The Federal Energy Regulatory Commission‘s (FERC) report for the first quarter of 2016 is on the books, and it shows a bright future for renewable energy and energy storage. The report details new energy generation projects that went online in the first three months of the year, and we are proud that renewable energy sources continue to compete with and replace dirty fossil fuels.
The United States added a total 1,291MW of renewable energy capacity, with 707MW of wind energy, 522MW of solar energy, and some additional biomass and hydropower as well. Keep in mind that these numbers only include large-scale projects of 1MW+. That means that smaller residential and commercial solar projects are not included in the report.
In contrast, there were only 18MW of natural gas capacity added and not a single MW of new coal, oil, or nuclear capacity came online. It seems that the United States is finally ready to leave behind dirty fossil fuels and natural gas for clean sources of renewable energy.
Switching to renewable sources of energy such as solar and wind comes with a long list of benefits. For example, by phasing out fossil fuels, the health of our planet and all of its inhabitants will improve. This will decreases rates of disease, in turn decreasing health care costs.
Renewable energy sources are unlimited and reliable. The sun and the wind are not going to run out, unlike coal, oil and natural gas. Furthermore, harnessing the power of the sun does not come with the dangers of harvesting coal and oil, and does not require chemicals to be injected into the ground as extracting natural gas, or “fracking” does. Once a solar array or a wind farm is up and running, it will produce clean energy whenever the sun shines or the wind blows.
While renewable energy technologies continue to improve and the cost of installing a solar energy system on a home or business has dropped 65 percent in the last five years, we are still trying to master one key to the clean energy equation: storage. There has been a lot of buzz about the Tesla Powerwall batteries and going off-grid, but energy storage still has much room for improvement.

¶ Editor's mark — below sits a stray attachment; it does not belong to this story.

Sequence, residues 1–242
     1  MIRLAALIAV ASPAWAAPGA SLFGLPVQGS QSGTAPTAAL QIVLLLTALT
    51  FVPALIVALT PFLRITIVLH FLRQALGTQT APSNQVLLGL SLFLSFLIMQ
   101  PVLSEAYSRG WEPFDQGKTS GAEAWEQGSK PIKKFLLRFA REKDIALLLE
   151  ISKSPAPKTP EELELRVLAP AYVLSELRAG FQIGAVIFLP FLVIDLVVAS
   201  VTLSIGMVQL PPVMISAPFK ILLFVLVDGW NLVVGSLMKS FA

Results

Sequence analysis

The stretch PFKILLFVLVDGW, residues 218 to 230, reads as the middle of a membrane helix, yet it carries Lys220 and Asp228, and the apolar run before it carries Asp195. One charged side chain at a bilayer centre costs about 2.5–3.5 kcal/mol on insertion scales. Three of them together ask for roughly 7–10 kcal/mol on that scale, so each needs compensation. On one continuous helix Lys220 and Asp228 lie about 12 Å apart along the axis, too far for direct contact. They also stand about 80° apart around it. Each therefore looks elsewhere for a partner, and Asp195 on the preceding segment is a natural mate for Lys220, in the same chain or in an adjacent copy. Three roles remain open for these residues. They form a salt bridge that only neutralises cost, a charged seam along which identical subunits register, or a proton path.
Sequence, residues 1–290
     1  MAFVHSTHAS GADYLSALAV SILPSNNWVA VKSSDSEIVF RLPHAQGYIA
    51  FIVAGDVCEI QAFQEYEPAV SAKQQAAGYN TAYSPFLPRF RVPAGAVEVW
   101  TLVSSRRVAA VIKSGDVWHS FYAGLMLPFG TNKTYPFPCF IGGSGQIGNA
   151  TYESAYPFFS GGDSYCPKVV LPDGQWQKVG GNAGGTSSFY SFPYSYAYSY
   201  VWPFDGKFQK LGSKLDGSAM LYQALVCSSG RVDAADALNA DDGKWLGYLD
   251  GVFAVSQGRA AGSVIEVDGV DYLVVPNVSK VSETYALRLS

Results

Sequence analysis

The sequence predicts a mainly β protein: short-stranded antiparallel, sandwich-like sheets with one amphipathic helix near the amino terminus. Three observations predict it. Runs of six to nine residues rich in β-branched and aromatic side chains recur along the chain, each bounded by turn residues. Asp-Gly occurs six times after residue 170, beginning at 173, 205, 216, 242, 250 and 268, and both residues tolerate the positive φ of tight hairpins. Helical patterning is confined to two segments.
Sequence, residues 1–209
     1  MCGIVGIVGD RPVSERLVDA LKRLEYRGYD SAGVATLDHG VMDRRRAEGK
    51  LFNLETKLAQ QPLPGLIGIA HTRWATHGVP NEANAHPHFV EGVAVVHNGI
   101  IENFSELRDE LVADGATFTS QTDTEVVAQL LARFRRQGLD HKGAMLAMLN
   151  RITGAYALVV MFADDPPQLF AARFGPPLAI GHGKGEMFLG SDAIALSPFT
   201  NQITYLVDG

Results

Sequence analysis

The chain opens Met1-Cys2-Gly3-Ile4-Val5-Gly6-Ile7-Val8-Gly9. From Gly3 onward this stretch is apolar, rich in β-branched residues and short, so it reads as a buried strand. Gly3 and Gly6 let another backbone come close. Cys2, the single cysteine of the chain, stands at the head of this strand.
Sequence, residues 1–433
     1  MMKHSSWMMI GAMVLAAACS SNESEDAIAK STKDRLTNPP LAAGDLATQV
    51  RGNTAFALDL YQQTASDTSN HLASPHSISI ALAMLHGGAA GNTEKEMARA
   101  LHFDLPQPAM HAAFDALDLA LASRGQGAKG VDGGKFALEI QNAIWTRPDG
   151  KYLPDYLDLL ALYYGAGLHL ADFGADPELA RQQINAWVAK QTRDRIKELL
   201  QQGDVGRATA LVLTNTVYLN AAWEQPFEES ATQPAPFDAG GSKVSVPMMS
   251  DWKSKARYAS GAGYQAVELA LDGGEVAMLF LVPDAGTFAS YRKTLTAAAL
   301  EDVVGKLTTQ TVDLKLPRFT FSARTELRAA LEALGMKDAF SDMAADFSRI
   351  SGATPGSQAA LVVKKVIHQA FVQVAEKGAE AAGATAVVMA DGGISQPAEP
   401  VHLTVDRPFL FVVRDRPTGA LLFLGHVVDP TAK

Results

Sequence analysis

Currently, pairing a battery back up system for energy storage with a solar photovoltaic (PV) system remains costly. Battery backup systems currently can make sense for those living in rural areas where the power frequently goes out for extended periods of time, but not many others. The typical batteries currently on the market have the capacity to run a home’s critical loads, such as a refrigerator or a sump pump, for 2-3 days without the PV panels being exposed to sunlight again. Unless homeowners are preparing for the zombie apocalypse and want to provide shelter for—or laugh menacingly at—their neighbors, you won’t find many battery backup systems in highly populated neighborhoods with reliable electricity.
But there is a bright ray of hope for energy storage tucked away in the 2016 Q1 report. As Joe Romm points out, the newly online solar project in Minister, OH marks a turning point in the road to storing energy in the United States. The 4.3MW solar PV system, combined with lithium ion batteries, is the “largest U.S. facility of its kind connected through a municipal utility.” The system was designed to maintain grid frequency and reduce peak demand charges, which in a nutshell, is saving Minister a ton of money. All of the technical details are captured in this article.
FERC’s quarterly reports have consistently shown that the United States is moving toward renewable energy sources and that the solar industry is booming. But the key to transitioning to 100 percent renewable energy—storage—is still developing. The new system in Minister, OH shows that energy storage technology coupled with renewable energy systems is making strides forward.
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Written by Sarah Bergen. Sarah is the Office Manager at Exact Solar. She has a background in journalism and is passionate about fighting climate change. She can be reached at [email protected].